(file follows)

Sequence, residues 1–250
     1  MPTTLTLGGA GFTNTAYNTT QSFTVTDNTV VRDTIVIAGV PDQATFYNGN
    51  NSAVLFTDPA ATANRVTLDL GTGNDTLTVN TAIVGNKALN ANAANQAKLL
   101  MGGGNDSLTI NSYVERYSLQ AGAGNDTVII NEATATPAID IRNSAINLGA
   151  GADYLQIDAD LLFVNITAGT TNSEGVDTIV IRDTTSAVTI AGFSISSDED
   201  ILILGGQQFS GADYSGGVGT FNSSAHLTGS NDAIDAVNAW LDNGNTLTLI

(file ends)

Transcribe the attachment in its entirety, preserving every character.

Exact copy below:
Sequence, residues 1–250
     1  MPTTLTLGGA GFTNTAYNTT QSFTVTDNTV VRDTIVIAGV PDQATFYNGN
    51  NSAVLFTDPA ATANRVTLDL GTGNDTLTVN TAIVGNKALN ANAANQAKLL
   101  MGGGNDSLTI NSYVERYSLQ AGAGNDTVII NEATATPAID IRNSAINLGA
   151  GADYLQIDAD LLFVNITAGT TNSEGVDTIV IRDTTSAVTI AGFSISSDED
   201  ILILGGQQFS GADYSGGVGT FNSSAHLTGS NDAIDAVNAW LDNGNTLTLI